Sustainability, what does it mean? Entering the class Wicked Problems 1101 I didn’t know what I was getting into nor what sustainability really meant. How embarrassing that I am a sophomore in college and haven’t paid much attention to our environment or the underlying meanings of the problems arising in the environment? Within the two class periods I have learned that sustainability means the ability to be maintained at a certain rate or level. In that shortened definition lies the rates of climate change, pollution, deforestation, hurricanes, earth quakes, littering, drought, soil erosion, landfills, etc. These issues are near impossible to solve due to the contradicting solutions that would have the least destructive ramifications. Wicked problems are all around us and on my mind the past week is how hands on I could get with fixing these occurring situations.
Like I said, I haven’t paid much attention to the world around me. I’ve been too focused on shopping, friends, football games, sorority events, and tests that are coming around the corner. I’ve been living selfishly and practically blinded to the urgent problems that the world has produced for years now. Why? Why have I been secluded from current issues? I know I can’t be the only mindless twenty-year-old walking around campus not thinking about polar ice caps melting, habitats lost due to deforestation, or animals becoming extinct due to littering. What I have realized in class is that my priorities are not in order. I feel like if we could take a snap shot into the future us mindless twenty-year-olds would respect what surrounds us. We would see the problems stirring up in a pot of despair and want to make a change. What could we do to make these situations shrink? Personally, I think we should stress sustainability in every student’s education at a young age, have stricter recycling policies, and eliminate hunting animals that would serve no purpose of killing. This could be a start to a brighter and healthier environment and it barely scratches surface level of all the wicked problems that remain.
Having stricter recycling policies. Could you imagine the positive outcomes on the environment? I was thinking about my future and how I could incorporate it in my everyday life. Luckily, I have a great example of how to recycle in my life. My dad owns an auto salvage business which means he sells old and used car parts. Years ago, his father opened up “Lambert’s Auto Salvage” the business has been booming ever since. My papa cleared land in Collinsville, Oklahoma and whenever a car is nonfunctional the business buys the car and removes viable parts that could be used for another car. My dad lives by the quote “One man’s trash in another man’s treasure.” He then sells the car part to make profit. Without them reusing these automobile parts that would just leave more junk that takes up space in the environment. What have I learned from my dad? I have learned to admire recycling and all the perks it has. It can easily become someone’s job for a living. Next year when I have my own house I plan on having a trash can made for trash and a trash can made for plastic bottles that my roommates and I can take to recycle. Another way I could recycle is by selling and buying used clothes on Posh mark, Plato’s closet, or donate to Goodwill. It may be small steps to success for stricter recycling policies but I am so excited to do my part and contribute.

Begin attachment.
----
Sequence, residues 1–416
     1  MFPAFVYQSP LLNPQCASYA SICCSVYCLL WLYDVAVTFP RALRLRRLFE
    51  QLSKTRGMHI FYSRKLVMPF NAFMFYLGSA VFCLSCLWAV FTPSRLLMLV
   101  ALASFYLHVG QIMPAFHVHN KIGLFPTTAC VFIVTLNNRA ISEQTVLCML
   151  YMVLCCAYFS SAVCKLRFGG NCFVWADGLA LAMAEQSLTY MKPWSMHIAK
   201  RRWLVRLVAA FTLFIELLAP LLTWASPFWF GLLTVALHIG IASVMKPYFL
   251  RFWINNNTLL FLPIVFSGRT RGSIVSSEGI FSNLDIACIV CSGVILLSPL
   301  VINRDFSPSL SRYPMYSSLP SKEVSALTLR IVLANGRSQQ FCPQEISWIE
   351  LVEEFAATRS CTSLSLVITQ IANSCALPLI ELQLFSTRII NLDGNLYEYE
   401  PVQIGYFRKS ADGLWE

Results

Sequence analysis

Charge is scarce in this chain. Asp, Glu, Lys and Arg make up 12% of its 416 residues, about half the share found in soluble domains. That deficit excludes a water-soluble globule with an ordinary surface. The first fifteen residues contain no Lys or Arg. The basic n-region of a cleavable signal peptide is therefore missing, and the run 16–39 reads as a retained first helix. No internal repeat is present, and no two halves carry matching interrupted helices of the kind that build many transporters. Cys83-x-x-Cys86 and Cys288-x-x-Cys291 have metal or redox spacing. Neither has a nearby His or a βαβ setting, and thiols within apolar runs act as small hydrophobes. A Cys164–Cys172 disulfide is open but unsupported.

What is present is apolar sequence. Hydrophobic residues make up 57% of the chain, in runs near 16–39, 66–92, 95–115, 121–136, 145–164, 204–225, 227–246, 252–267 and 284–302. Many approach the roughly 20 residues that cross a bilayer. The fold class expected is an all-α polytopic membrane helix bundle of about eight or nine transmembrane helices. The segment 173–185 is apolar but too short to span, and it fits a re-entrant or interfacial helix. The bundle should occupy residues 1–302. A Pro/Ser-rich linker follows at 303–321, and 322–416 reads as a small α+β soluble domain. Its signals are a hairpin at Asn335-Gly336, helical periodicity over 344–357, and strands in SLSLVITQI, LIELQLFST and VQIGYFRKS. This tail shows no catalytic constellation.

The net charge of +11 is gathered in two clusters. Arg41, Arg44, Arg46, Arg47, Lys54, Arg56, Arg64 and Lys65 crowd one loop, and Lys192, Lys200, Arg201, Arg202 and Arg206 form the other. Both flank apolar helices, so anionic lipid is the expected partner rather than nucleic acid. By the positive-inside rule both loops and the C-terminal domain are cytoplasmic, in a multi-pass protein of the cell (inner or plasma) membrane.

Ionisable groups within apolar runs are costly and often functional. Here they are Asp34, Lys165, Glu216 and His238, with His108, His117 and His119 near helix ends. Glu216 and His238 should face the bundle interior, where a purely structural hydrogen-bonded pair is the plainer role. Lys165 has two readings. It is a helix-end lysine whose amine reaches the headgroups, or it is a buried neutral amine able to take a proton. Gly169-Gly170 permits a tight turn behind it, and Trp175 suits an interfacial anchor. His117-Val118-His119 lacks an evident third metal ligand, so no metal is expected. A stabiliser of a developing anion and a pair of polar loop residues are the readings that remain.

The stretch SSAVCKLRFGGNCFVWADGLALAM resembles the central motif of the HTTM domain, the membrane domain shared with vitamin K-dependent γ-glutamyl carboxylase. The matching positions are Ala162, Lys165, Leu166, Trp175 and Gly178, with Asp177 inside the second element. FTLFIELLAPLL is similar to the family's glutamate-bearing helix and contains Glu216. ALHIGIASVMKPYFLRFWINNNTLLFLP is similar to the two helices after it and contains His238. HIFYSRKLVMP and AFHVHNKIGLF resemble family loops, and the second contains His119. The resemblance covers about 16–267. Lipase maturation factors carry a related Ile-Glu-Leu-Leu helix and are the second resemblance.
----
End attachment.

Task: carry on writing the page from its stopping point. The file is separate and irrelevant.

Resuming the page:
A question that has been roaming in my head since reading the Easter Island excerpt that was assigned to us last week is if the settlers would have known about recycling would that have lengthened their time on the island before the collapse? Or would there have even been a collapse? Although the society had little resources to survive off of, with their little knowledge of what they were using and how important the items were. The settlers had no option other than to fail. Their major wrongdoing was not recycling and giving back to the environment. They were willing to take from animals, plants, trees, and each other without giving anything in return. One way the people of Easter Island could have been more resourceful and ultimately more successful is only kill animals that are plentiful in size, replant seeds, and save the canoes that are already made eliminating chopping down every tree in sight. They simply had no common sense. There were many more doings that could have contributed to a longer stay on the island but recycling would have initially stopped the first domino from falling.
Powerful problems are progressing. We can’t ignore them any longer or like Easter Island planet earth will to fall. I am thankful for this opportunity to learn about the wicked problems that I was once blinded to. It has been an eye opener in just the first week of class. I am thrilled to see what the next three weeks have to offer. Every age in school should be taught about sustainability because educating would be a major step in helping these wicked problems subside.